Buying a new car in Prague? Tougher auto safety rules are coming into effect

A new EU auto-safety mandate hopes to save more than 25,000 lives and prevent at least 140,000 serious injuries

Katrina Modrá

Written by Katrina Modrá Published on 18.09.2019 14:53:00 (updated on 03.04.2023) Reading time: 3 minutes

This article was written in cooperation with Volvo. Read more about our partner content policy here.

In an effort to increase road safety, the European Parliament recently approved a provisional deal that would enforce new vehicle safety standards across the EU. The requirements, due to come into effect by 2022, would make features like distraction warning functions, speed assistant, safe reversing, accident data recorder, and blind-spot monitoring standard fit.

For those in the market for a new car in Prague and the Czech Republic, now may be the time to consider a safety upgrade. But where to begin and how to choose a safety leader among the many options currently available in the Czech Republic?

One of the fastest-growing brands on the Czech market is also credited with the advent of one of the most important auto-safety features ever made. In fact, the announcement of the minimum EU auto safety regulations earlier this year coincides with the 60th anniversary of the three-point safety belt, introduced to the world by Swedish car manufacturer Volvo in 1959.

Volvo invented the three-point safety belt in 1959

The invention entered the market at a time when safety wasn’t a major consideration in the purchase of a car. In an unprecedented move, the company would go on to waive its patent rights; it’s estimated that over one million lives have been saved as a result.

“Cars are driven by people. Therefore, security must be the guiding principle behind everything we do in Volvo — and so it must remain in the future, ” Gustaf Larson, co-founder of Volvo has said of the company’s underlying mission and philosophy.

Beginning in 1970, the company formed an accident research team devoted to gathering and analyzing real-time data to see what happens during a collision. In the process, it has developed a number of revolutionary safety features including rear-facing child safety seats, a blind-spot information system, and run-off road protection.

Volvo’s three-point safety belt at the Smithsonian National Museum of American History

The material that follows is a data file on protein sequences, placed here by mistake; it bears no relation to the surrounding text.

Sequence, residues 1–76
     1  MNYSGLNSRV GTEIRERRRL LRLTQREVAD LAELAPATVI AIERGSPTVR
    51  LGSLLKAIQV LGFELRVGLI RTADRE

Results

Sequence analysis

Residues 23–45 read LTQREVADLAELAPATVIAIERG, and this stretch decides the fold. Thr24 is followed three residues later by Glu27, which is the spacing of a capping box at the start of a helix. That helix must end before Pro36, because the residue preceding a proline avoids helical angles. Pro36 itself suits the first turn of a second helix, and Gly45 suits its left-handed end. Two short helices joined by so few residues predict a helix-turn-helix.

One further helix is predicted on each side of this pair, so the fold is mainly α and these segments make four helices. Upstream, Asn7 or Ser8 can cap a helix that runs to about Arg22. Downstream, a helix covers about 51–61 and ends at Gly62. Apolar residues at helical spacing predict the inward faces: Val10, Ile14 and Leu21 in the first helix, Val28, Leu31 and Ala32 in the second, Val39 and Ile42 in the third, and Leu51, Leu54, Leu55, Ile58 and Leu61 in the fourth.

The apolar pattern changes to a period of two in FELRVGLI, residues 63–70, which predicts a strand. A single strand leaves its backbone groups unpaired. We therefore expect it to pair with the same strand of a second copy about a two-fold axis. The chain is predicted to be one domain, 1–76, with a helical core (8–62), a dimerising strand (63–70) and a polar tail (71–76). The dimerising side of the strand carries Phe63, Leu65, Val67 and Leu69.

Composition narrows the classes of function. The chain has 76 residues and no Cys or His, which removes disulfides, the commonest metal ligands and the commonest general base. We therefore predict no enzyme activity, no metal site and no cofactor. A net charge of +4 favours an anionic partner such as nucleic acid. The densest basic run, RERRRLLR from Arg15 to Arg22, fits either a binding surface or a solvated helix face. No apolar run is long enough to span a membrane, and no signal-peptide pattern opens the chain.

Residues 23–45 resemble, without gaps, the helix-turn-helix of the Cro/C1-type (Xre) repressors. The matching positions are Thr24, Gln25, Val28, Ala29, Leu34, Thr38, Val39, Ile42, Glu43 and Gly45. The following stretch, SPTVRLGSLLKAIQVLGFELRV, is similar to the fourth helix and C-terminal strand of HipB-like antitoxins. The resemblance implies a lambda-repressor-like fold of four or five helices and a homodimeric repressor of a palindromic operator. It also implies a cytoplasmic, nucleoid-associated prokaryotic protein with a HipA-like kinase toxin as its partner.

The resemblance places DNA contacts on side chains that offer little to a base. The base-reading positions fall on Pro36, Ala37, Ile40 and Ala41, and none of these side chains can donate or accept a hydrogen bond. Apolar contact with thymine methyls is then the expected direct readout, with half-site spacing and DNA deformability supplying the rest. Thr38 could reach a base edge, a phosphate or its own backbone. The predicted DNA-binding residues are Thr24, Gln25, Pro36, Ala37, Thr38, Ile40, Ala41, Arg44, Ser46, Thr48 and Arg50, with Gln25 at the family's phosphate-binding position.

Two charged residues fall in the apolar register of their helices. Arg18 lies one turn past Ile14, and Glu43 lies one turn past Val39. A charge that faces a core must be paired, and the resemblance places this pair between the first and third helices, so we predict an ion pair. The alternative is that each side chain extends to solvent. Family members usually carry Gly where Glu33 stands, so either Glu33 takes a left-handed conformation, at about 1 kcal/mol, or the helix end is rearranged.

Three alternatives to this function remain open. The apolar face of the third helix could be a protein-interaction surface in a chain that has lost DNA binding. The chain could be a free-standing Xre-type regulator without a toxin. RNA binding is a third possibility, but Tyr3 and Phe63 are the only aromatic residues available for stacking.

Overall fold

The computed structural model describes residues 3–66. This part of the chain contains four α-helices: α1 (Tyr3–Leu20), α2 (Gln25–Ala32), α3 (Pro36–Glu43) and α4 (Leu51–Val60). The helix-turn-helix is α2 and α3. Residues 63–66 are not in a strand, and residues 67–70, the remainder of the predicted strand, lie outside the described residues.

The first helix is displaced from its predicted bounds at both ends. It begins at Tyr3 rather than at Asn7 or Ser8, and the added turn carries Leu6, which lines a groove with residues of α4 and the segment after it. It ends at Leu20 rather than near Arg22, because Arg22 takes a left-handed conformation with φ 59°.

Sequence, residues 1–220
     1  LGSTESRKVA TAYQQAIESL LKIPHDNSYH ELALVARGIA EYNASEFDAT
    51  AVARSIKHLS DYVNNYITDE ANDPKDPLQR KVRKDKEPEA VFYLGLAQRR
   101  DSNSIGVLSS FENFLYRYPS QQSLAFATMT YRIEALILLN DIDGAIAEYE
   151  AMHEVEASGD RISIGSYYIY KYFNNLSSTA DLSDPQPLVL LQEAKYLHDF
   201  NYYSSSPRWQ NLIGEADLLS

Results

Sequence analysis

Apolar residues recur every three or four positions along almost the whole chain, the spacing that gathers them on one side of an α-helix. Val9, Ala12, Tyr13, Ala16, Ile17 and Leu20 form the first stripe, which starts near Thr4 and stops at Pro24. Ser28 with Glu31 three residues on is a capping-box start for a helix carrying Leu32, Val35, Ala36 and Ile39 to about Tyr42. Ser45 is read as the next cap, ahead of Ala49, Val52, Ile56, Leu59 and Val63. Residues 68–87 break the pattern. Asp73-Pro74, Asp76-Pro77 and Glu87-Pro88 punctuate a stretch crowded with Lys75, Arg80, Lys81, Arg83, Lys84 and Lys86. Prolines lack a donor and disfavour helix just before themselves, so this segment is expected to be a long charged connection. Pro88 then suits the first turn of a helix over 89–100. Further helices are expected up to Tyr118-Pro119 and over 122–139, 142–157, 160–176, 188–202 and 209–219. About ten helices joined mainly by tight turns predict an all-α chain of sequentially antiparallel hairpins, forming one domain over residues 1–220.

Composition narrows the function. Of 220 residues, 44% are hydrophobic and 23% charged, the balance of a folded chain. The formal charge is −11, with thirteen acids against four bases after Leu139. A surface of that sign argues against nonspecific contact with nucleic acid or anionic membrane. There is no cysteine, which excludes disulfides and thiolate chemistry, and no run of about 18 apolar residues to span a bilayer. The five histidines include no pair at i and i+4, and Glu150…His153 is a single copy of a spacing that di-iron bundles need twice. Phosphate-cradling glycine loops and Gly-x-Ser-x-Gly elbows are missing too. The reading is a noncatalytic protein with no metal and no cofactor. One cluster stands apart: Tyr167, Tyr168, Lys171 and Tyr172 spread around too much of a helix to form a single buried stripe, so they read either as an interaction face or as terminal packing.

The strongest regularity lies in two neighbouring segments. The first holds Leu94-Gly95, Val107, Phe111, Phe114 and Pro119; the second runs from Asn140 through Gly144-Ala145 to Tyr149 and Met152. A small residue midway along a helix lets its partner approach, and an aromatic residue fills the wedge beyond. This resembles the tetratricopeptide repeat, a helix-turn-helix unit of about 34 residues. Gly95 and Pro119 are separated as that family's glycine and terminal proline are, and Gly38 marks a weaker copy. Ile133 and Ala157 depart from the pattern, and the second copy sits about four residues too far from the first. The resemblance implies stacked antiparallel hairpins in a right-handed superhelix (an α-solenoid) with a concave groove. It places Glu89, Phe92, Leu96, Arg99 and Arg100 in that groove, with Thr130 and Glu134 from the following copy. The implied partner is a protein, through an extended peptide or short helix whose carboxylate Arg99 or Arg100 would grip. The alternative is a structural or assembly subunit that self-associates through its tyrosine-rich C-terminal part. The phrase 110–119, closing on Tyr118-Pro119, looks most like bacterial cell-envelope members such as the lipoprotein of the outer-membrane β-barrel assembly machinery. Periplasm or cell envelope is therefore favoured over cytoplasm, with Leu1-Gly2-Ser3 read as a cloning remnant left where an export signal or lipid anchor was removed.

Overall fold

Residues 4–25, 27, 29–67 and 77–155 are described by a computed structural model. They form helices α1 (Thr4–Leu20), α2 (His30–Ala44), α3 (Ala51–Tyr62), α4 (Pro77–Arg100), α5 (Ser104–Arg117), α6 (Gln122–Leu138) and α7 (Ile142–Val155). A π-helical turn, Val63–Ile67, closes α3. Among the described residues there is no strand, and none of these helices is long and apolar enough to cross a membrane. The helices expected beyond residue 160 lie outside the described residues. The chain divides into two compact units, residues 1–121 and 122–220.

And yet despite huge advances in car safety across the industry, Volvo says that many automakers still produce cars based on data from male crash test dummies, leaving women at a higher risk of injury than men.

“By collecting real-world data for a long time, it has been possible to identify what injuries arise in different crashes for men, women, and children,” says Dr. Lotta Jakobsson, senior technical specialist at Volvo Cars Safety Centre.

Volvo’s E.V.A. initiative represents more than 40 years of research and has led to a number of design changes and innovations geared toward better protecting women who are at higher risk of whiplash and chest injuries. A whiplash protection system, intelligent safety shield to prevent chest injury, and an inflatable curtain airbag system, the first airbag system to offer improved protection for both front and rear seat occupants, are just some of the innovations to have emerged from the project.

The Swedish automaker has also developed the world’s first average-sized pregnant crash test dummy to see how the safety belt and airbag affect a woman and her unborn child, among other things. The results of the research, like the safety belt sixty years ago, have been made available to the industry in the hopes of making cars safer for all who drive them.

Volvo’s devotion to safety is perhaps one reason that it has seen an increase in sales worldwide, including a jump of 26 percent on the Czech market last year alone. Between January and June, Czech drivers bought over a thousand new Volvo cars making it the third fastest-growing brand on the market.  

The Volvo XC90 Inscription is one of the most popular models sold in the Czech Republic

Czech buyers most frequently bought SUVs: the Volvo XC60, XC90, and XC40. The new Volvo V90 Cross Country Estate is also a popular model in the Czech Republic. The brand currently has eighteen dealers throughout the country. 

The European Commission expects that by 2038 the proposed measures will help save more than 25,000 lives and prevent at least 140,000 serious injuries. Volvo hopes that from 2020, no one who drives any of its new cars should suffer fatal or otherwise serious injuries.

For more information about what Volvo Czech Republic can offer expats visit its dedicated English pages at

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